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It’s officially the end of British Summer Time (BST) and the clocks go back on Sunday (31 October 2021). Unfortunately, at this time of year when the darker nights set in, the number of accidents on our roads increases.
Research by the RAC Foundation confirms that road traffic accidents increase by 19% in the fortnight after putting the clocks back one hour from BST to Greenwich Mean Time (GMT), and they reduce by 11% when we put the clocks forward onto BST.
Here are seven top tips from specialist personal injury solicitor Zoe Morgan on how to cycle safely when it’s dark.
- Use your lights – you may have got out of the habit of checking your lights are in working order and using them in the mornings and evenings. Remember there is a legal minimum requirement for cycling when it’s dark – one front white light and one rear red light, plus the reflectors you should already have on your bicycle.
- Be bright, be seen – make sure you can be seen by other road users. Wear brightly coloured, high-vis clothing so that you stand out on dark mornings or at night. Colourful, reflective clothing is also useful on those rainy or foggy days.
- Check your bike is in good working condition – trying to fix your bike in the dark isn’t easy and can put you at risk. Regular maintenance checks, fitting winter tyres, making sure your tyres are pumped up regularly and checking for damage will reduce your chances of breaking down in the road.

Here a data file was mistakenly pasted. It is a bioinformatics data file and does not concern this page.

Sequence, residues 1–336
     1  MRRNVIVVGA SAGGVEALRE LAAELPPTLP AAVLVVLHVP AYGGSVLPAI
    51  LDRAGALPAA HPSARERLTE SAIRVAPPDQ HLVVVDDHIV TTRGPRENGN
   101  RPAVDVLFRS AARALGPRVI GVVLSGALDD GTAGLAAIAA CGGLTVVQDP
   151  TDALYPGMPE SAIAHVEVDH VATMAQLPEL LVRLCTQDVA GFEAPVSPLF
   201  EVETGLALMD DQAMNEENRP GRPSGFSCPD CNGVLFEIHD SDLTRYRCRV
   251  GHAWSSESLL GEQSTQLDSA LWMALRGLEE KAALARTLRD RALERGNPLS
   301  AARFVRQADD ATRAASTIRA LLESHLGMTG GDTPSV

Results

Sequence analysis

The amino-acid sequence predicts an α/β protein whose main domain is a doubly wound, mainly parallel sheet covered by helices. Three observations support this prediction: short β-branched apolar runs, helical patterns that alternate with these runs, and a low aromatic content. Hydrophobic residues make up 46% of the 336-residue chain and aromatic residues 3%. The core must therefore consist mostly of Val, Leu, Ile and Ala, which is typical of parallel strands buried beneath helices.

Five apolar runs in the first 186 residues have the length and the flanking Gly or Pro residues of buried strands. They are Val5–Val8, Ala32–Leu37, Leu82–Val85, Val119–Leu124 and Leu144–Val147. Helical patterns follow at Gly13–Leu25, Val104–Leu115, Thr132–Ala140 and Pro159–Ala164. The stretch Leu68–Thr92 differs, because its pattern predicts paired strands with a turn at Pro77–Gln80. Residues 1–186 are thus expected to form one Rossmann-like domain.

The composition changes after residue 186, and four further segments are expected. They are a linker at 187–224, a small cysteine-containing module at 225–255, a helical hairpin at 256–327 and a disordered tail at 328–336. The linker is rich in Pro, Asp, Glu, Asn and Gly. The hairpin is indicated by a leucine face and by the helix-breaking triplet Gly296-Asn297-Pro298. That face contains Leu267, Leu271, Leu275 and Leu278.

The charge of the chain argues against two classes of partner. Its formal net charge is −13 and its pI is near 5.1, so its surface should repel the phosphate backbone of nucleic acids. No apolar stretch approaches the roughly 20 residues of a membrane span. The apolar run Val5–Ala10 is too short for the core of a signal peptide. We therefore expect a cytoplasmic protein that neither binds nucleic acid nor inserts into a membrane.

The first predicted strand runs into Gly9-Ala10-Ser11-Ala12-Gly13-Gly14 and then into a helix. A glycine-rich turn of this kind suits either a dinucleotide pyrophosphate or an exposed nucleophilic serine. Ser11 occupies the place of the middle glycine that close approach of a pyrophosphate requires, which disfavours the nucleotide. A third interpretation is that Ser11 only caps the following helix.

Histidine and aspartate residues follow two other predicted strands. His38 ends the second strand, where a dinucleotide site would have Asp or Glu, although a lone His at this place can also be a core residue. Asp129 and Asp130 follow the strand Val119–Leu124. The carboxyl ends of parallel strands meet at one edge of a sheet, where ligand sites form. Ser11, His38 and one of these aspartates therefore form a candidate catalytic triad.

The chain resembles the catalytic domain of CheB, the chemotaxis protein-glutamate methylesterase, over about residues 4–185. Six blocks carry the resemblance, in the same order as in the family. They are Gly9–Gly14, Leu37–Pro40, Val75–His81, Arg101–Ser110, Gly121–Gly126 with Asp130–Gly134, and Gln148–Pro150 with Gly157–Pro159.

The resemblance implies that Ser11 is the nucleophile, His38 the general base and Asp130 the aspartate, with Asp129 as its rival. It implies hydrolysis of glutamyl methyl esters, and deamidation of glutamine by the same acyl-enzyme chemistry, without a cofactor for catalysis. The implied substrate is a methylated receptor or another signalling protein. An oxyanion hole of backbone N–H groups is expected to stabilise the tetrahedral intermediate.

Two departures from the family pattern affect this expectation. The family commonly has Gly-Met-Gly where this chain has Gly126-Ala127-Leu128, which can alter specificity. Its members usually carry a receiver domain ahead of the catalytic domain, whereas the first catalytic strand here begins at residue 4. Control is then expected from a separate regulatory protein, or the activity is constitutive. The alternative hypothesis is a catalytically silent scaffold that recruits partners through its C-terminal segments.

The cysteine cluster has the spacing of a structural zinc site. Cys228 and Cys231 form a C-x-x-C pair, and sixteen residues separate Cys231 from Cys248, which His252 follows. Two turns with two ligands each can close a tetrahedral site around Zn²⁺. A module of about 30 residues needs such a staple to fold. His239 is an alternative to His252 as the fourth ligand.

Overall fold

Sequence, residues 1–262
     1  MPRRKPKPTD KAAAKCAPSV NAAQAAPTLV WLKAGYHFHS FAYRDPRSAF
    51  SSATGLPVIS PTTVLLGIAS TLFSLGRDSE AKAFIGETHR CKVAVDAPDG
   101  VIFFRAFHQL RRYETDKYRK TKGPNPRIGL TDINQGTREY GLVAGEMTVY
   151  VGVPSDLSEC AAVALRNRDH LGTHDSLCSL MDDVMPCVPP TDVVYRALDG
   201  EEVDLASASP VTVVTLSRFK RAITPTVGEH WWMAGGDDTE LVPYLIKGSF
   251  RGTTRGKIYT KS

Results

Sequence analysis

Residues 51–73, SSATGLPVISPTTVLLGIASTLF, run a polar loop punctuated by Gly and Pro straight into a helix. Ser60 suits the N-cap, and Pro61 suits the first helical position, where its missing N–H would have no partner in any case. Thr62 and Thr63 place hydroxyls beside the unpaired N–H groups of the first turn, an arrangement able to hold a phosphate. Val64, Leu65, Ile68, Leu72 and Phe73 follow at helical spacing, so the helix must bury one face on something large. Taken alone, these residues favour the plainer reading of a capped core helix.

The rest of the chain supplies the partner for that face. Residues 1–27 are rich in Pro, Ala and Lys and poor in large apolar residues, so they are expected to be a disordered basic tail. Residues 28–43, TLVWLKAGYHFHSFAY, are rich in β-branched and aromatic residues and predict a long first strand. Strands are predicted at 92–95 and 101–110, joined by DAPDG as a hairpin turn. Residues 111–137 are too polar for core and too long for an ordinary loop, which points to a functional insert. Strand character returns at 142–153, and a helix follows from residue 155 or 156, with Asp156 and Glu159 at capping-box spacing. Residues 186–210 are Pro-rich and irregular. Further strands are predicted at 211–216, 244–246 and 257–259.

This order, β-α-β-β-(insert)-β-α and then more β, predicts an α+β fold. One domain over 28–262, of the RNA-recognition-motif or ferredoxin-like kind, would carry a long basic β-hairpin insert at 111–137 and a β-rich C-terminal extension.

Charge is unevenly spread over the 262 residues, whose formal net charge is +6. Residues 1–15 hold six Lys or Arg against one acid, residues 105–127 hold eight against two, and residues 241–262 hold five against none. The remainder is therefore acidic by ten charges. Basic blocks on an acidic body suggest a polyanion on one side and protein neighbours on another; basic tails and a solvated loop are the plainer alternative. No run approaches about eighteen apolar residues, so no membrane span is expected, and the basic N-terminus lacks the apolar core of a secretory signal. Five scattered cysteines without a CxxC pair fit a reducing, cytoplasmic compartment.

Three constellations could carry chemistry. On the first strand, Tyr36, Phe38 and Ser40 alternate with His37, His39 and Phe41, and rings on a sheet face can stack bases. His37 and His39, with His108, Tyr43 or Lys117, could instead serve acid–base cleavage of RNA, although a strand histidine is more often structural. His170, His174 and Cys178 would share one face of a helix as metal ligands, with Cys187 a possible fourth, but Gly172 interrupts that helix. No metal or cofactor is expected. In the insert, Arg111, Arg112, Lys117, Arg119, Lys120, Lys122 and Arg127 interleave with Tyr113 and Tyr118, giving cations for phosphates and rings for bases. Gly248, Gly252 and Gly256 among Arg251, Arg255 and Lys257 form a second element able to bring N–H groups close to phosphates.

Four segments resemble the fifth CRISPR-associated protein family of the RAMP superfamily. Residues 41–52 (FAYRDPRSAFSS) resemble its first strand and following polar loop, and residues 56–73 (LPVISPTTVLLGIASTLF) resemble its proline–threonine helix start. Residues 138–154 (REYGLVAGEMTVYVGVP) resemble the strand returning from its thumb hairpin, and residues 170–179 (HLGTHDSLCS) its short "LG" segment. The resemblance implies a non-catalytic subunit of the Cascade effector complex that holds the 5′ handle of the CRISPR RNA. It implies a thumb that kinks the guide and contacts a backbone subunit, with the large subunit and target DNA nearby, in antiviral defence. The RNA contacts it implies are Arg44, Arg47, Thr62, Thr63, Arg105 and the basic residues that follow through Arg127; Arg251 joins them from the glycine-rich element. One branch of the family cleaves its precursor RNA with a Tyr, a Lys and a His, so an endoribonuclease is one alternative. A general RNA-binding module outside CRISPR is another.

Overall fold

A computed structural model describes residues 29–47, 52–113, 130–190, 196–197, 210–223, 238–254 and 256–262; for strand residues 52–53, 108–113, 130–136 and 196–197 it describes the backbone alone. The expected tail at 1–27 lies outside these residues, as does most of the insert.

- Cycle where you are more visible – Ride your bike so that you can be seen by drivers. This may mean riding a little way out of the edge of the road to make sure you are in drivers’ field of vision.
- Plan your route – It might be a good idea to think about changing your regular route so that you are cycling on well-lit roads or paths during the winter months. If you are trying out new routes, consider testing them during the daytime so that you are more familiar with the layout.
- Be extra careful – There are all kinds of extra hazards to be aware of when it’s dark and your visibility is reduced. Potholes, uneven road surfaces, deep puddles and other hidden dangers can put you at risk of having a cycling accident. Cycling at a slower speed than you would during the day can help you with the unexpected.
- Have a cycling partner – You will be more visible to other road users if you are cycling with a friend or in a group of cyclists. It’s also helpful if you get a puncture or other mechanical issue with your bike.
If you have been involved in a cycling accident that wasn’t your fault, you may be able to make a cycling accident compensation claim. Call our specialist cycling solicitors on 0800 884 0777, email email@example.com or complete our online enquiry form.